If you decide to use a pest control company, choose one carefully.
Ask for an inspection of your home and get a written control program for evaluation before you sign a contract. The control program should list specific names of pests to be controlled and chemicals to be used; it should also reflect any of your safety concerns. Insist on a proven record of competence and customer satisfaction.
Dispose of unwanted pesticides safely.
If you have unused or partially used pesticide containers you want to get rid of, dispose of them according to the directions on the label or on special household hazardous waste collection days. If there are no such collection days in your community, work with others to organize them.
Keep exposure to moth repellents to a minimum.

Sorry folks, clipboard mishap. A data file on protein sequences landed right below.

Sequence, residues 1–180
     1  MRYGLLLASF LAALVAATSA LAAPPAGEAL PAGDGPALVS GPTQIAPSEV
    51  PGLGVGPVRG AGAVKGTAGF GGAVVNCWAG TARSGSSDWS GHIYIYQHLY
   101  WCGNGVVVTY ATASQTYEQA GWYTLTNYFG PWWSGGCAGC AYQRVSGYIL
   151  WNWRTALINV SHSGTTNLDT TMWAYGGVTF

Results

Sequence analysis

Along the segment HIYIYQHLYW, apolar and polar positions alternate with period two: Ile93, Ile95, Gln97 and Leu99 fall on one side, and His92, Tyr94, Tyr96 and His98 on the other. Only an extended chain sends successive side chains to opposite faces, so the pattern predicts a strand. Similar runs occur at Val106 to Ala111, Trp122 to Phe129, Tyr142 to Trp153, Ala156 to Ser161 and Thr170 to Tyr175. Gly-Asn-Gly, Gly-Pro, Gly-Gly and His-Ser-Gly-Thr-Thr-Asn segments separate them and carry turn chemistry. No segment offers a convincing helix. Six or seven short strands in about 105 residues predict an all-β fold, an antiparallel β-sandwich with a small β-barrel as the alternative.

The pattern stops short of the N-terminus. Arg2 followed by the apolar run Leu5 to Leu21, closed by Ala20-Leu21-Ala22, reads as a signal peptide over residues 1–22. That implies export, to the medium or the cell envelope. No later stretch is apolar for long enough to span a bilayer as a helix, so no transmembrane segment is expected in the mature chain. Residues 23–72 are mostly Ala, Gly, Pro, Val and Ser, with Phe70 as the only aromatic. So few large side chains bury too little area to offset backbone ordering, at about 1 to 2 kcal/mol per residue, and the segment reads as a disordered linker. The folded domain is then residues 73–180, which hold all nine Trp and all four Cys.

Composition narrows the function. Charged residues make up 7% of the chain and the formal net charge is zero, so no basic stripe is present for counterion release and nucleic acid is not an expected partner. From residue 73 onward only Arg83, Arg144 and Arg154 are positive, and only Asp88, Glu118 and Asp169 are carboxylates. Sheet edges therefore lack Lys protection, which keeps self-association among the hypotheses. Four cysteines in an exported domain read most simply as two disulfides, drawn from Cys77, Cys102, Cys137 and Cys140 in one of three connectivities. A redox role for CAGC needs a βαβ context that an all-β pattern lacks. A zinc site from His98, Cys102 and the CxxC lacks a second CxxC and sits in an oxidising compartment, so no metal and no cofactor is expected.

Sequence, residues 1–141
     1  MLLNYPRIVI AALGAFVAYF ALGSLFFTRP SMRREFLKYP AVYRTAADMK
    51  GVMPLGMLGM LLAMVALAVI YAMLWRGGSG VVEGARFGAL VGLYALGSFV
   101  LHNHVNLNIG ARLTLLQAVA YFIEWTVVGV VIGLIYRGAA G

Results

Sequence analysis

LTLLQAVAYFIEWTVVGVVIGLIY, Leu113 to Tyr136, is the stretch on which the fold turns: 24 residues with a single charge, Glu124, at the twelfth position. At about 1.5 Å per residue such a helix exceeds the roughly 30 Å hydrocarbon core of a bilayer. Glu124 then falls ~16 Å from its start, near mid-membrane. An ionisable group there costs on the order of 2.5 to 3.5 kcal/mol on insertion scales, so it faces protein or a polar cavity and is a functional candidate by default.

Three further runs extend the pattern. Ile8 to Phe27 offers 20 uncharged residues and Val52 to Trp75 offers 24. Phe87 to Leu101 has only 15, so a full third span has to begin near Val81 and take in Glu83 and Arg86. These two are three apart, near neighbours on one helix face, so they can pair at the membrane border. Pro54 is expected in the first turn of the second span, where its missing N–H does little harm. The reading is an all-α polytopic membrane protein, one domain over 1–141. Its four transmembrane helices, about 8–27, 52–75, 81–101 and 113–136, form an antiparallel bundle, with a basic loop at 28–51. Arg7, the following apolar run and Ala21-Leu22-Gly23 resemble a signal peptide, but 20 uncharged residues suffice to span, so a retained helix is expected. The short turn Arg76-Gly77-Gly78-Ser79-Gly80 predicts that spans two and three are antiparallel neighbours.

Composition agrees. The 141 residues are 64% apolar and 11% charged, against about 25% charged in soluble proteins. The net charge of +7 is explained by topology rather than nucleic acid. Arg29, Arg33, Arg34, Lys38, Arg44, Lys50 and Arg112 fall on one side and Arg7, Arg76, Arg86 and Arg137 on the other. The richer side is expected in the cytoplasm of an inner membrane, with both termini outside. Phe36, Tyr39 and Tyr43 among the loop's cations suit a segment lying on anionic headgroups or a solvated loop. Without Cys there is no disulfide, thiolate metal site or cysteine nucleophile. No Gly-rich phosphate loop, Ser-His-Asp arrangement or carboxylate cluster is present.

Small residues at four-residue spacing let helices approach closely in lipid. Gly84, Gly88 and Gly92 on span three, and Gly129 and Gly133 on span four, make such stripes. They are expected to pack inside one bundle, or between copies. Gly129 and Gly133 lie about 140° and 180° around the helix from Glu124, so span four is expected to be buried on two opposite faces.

One pesticide often found in the home is paradichlorobenzene, a commonly used active ingredient in moth repellents. This chemical is known to cause cancer in animals, but substantial scientific uncertainty exists over the effects, if any, of long-term human exposure to paradichlorobenzene. EPA requires that products containing paradichlorobenzene bear warnings such as "avoid breathing vapors" to warn users of potential short-term toxic effects. Where possible, paradichlorobenzene, and items to be protected against moths, should be placed in trunks or other containers that can be stored in areas that are separately ventilated from the home, such as attics and detached garages. Paradichlorobenzene is also the key active ingredient in many air fresheners (in fact, some labels for moth repellents recommend that these same products be used as air fresheners or deodorants). Proper ventilation and basic household cleanliness will go a long way toward preventing unpleasant odors.